Iridium Communications Inc. (NASDAQ:IRDM) Q2 2020 Earnings Conference Call - Final Transcript
Jul 28, 2020 • 08:30 am ET
Ladies and gentlemen, we will now begin the question-and-answer session. [Operator Instructions] And our first question today comes from Ric Prentiss from Raymond James. Please go ahead with your question.
Thanks. Good morning guys. Glad to hear everybody's doing okay in these crazy times.
Matthew J. Desch
Hey, a couple of questions; one, let's start at the 30,000 foot view or 2,000 kilometer view. Matt, we get a lot of questions about the new LEOs, right? The SpaceX in the marketplace raising some money; OneWeb maybe coming out of bankruptcy with the British government and Bharti and others supporting it. As you think about your business and these new LEOs, what do they mean competitively to the new areas of your business, the Certus broadband, but also the legacy areas of your business voice and data, IoT and even the government?
Matthew J. Desch
Yes, Ric. I mean, I really don't think they are direct competitors in any way. Perhaps, around the edge, long, long term. But really for the most part, we see all those new LEO players as potential partners and we're offering commodity broadband services that are complementary to the much more mobile safety oriented services that we provide. So, we've had discussions with all of them. They all see it the same way. They see us as someone that could possibly be integrated into their services to supply a better service to their customers.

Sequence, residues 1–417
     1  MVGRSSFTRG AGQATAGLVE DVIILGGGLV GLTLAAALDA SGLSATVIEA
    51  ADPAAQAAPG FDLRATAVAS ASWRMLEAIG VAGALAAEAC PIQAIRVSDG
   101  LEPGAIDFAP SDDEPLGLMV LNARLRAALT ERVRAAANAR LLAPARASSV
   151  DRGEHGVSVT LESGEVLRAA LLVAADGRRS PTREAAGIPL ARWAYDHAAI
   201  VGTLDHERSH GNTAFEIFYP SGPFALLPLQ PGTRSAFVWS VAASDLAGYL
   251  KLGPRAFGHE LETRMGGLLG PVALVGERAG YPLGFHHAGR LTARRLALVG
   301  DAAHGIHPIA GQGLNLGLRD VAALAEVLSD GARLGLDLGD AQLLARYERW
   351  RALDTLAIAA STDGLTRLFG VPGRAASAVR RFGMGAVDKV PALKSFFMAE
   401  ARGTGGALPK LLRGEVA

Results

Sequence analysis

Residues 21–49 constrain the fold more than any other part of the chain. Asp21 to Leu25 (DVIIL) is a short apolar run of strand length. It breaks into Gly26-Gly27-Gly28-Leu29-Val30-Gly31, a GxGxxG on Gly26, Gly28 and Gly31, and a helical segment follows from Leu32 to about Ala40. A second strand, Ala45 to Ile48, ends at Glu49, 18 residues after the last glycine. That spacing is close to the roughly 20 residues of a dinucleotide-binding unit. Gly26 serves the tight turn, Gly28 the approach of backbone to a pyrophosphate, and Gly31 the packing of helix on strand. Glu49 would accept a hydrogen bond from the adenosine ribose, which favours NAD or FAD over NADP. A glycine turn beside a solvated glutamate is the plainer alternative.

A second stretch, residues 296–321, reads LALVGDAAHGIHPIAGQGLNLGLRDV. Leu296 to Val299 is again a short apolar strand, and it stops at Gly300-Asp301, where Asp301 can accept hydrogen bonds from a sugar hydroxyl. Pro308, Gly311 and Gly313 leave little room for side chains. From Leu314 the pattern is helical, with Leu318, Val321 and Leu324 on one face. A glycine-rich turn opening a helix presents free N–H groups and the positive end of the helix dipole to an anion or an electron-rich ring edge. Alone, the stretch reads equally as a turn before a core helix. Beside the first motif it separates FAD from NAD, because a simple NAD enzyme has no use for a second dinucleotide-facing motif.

I think, I've talked about this before, the way our whole services are architected or structured is very, very different from theirs. Their whole vision of all of those players is to try to provide the most bandwidth to a specific customer as possible to every customer as possible. Our whole system is architected and structured to provide the most mobility. We provide as much data as possible in the smallest possible package and those are two totally different sort of design philosophies. And really, they're not -- you can't really change one to the other and back and forth. So they really can't scale down to the levels we're at, they could never offer, say, a small device that operates in the palm of your hand and integrated into a mobile phone or onto a very -- a consumer device and frankly our system doesn't scale up to offer 50 megabits per second, which is what they all are looking to try to offer almost as a minimum.
So, the two services worked very well. It's demonstrated today in the fixed satellite service players, who our terminals are put right next to theirs on ships as a companion VSAT offering and really those small new -- I mean, those new LEO players really are more focused on competing for that commodity broadband segment, which has been around for 20 years, and for which we've been very complementary to all along. Than in any way to doing something that we have been doing or plan to do in the future.
And any thoughts of what it might